The Birth Capital of Nebraska
How Pender is resisting the desertification of rural maternity care
Delivering babies and caring for new mothers is a practice as old as the human race — and yet obstetric and maternal care was not considered a form of “medicine” until the early 1800s. Even then, Britain’s most advanced institutions of medical and surgical education rejected any association with midwifery.
Johns Hopkins University co-founder Dr. Howard Atwood Kelly is credited with pioneering the study and practice of gynecology in 1889. More than a century after Dr. Kelly established gynecology as a surgical specialty, American medicine has made incredible strides in this field.
Today we are privileged to live in the most advanced age of medical care the world has ever seen. Unfortunately, access to maternal and obstetric care remains just out of reach for millions of women who call rural America home.
The American Hospital Association reports that nearly half of all rural community hospitals did not offer obstetric services as of 2020. In fact, it is estimated that 2.2 million women of childbearing age live in a “maternity care desert” — a classification coined for regions that have no hospital offering obstetric care, no birth center and no obstetric provider.
About 100 miles north of Omaha, Nebraska, the rural community of Pender supports one of the highest birth rates per capita statewide.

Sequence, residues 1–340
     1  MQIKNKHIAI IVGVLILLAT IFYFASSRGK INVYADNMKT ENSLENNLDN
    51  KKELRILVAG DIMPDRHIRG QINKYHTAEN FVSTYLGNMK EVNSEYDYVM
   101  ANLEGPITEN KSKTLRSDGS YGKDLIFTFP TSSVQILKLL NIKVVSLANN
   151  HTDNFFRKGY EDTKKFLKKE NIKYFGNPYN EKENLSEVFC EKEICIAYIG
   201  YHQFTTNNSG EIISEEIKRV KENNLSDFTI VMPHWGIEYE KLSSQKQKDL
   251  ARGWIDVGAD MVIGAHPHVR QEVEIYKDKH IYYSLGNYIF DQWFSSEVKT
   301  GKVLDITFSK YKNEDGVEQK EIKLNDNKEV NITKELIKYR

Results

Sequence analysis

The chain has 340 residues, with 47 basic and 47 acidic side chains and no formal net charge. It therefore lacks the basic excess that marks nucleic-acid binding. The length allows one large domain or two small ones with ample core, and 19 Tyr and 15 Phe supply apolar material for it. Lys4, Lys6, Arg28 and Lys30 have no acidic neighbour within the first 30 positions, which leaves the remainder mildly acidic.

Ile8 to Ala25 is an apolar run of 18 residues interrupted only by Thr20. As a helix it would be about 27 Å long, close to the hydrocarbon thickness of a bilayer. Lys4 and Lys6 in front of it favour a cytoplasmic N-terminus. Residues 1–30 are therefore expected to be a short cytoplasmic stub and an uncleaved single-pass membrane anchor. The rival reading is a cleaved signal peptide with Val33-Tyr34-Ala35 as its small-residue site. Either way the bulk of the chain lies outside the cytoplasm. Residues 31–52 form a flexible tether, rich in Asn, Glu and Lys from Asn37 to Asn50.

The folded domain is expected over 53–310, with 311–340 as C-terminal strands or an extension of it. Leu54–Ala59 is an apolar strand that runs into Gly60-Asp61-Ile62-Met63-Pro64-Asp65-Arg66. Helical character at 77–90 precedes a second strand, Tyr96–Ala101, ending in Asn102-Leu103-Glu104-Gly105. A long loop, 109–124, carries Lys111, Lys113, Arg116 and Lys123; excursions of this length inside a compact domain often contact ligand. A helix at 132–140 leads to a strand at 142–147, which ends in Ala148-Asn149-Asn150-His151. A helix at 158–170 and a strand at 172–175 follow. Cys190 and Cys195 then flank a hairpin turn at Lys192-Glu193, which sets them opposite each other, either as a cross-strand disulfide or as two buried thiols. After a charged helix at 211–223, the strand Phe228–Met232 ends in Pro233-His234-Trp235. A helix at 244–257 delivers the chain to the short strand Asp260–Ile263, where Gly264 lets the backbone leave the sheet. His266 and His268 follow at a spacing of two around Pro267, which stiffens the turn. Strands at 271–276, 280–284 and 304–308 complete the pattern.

“One day you’re the E.R. doctor and the next day you’re bringing a new baby into the world,” Dr. Matt Felber said of his family practice career at Pender Community Hospital.
As maternal and obstetric care continues to decline or disappear altogether in rural towns across America, Pender Community Hospital is beating the odds by maintaining its resolve to serve local mothers and families.
In the heart of a town only about 1,000 people call home, the Pender OB team delivers more than 100 babies every year.
As a pregnant woman living in rural Nebraska, figuring out where to deliver a baby can be a tough question to answer, says Pender family practitioner Dr. Ashley Tiahrt. As a mother of five, she is no stranger to that question.
Many rural families must drive 60 minutes or more to access obstetric care.
Dr. Felber says he is frequently asked by expecting parents about the availability of epidurals in their hospital, as well as whether he can safely perform a C-section. (The answer to both questions is a confident yes.)
Another advantage to receiving maternal and obstetric care at Pender Community Hospital is a family’s ability to continue seeing Drs. Felber and Tiahrt for postpartum care, first-year well checks and everyday family medicine.
In an age when over half of all U.S. counties lack an OB-GYN, Pender is doing its part to change the narrative one family at a time.
American Hospital Association. (2022). Obstetrics: U.S. rural hospitals infographic.
Loudon, I. (2008). General practitioners and obstetrics: a brief history. Journal of the Royal Society of Medicine, 101(11), 531–535.
The history of the Department of Gynecology and Obstetrics. (n.d.). Johns Hopkins Medicine.